Charles Darwin was a naturalist of the 1800s who became the foremost name in the theory of evolution. He promoted the idea of “survival of the fittest” that embraced the theory of natural selection. His 1859 book, “On the Origin of Species By Means of Natural Selection,” caused an uproar around the world, especially in religious and science circles.
After changing his goals of becoming an Anglican minister, Darwin studied plants, fossils and varied geological settings for over four years and published a book entitled “Journal of Researches” based on his notes. "Journal of Researches" is viewed by scientists as the beginnings of Darwin's natural selection theory; over 20 years passed between this publication and the book that launched him into history.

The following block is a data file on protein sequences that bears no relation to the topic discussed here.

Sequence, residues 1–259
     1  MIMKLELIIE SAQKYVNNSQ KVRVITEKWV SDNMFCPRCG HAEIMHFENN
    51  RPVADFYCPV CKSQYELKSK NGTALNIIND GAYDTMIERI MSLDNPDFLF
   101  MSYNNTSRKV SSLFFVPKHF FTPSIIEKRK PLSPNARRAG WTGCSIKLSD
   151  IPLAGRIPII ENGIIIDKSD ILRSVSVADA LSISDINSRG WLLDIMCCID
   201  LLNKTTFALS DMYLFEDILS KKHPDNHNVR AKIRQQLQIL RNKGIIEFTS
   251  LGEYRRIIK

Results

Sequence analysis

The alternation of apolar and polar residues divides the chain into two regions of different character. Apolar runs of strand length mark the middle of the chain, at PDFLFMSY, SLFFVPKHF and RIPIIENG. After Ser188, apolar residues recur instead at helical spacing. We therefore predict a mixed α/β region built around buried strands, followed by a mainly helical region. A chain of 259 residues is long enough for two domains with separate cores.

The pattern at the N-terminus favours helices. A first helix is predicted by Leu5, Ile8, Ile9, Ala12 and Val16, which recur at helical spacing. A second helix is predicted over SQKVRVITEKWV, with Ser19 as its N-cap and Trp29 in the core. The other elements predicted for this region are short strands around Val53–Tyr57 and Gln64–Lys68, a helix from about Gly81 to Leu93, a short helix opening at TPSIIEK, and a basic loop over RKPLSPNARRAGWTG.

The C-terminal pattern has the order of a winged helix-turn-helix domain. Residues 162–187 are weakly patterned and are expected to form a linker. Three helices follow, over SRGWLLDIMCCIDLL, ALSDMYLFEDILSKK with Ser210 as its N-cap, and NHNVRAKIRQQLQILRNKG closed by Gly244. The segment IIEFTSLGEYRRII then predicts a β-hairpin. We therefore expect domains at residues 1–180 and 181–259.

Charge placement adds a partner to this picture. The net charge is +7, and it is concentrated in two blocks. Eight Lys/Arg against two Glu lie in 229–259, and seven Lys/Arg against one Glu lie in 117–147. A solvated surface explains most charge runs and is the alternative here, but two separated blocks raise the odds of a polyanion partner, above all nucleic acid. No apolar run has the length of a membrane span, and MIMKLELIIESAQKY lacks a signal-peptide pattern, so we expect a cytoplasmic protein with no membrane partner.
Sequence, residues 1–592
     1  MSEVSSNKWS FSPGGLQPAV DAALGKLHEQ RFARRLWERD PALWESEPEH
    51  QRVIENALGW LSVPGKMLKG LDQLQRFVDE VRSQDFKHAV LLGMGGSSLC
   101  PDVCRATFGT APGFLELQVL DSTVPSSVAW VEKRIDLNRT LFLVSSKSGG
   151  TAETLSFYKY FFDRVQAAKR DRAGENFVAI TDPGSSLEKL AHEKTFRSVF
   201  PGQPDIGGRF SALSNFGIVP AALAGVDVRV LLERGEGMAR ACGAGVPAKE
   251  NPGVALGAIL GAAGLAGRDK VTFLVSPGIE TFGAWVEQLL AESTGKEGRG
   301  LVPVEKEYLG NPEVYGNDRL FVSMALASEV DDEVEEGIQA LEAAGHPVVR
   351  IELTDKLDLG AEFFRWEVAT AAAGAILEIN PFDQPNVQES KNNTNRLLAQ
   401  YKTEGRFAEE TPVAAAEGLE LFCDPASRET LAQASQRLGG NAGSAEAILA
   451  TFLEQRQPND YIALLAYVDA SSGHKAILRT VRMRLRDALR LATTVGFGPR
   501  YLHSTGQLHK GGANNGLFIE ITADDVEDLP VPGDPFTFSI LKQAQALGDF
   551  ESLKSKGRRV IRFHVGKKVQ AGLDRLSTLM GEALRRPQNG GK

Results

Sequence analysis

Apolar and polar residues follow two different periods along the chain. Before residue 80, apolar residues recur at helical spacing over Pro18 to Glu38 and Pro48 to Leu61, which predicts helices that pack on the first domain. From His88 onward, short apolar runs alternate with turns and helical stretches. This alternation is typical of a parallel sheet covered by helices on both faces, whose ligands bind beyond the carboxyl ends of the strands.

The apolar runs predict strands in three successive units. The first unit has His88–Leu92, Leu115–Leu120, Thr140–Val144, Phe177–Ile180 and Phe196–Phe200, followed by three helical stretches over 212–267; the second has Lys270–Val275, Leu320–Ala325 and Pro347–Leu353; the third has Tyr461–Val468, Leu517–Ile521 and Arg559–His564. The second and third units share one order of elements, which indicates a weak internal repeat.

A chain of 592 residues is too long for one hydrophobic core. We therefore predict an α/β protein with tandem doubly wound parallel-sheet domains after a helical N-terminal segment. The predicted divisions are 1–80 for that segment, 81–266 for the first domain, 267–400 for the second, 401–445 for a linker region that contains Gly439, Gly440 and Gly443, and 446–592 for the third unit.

After reading "Essay on the Principle of Population," an essay written by a British philosopher by the name of Thomas Malthus that covered overpopulation and human survival, Darwin’s distinct views became more solidified. After more years of collecting and studying more of his own data, Darwin published “On the Origin of Species By Means of Natural Selection” in November 1859. The book has six editions and sold at a continuous rate for years after publication. Among religious circles, it is seen as a counter to the creationist theory told in the Bible. While Darwin is not the first naturalist to write on the natural selection theory, his presentation made it more intelligible for a broader audience.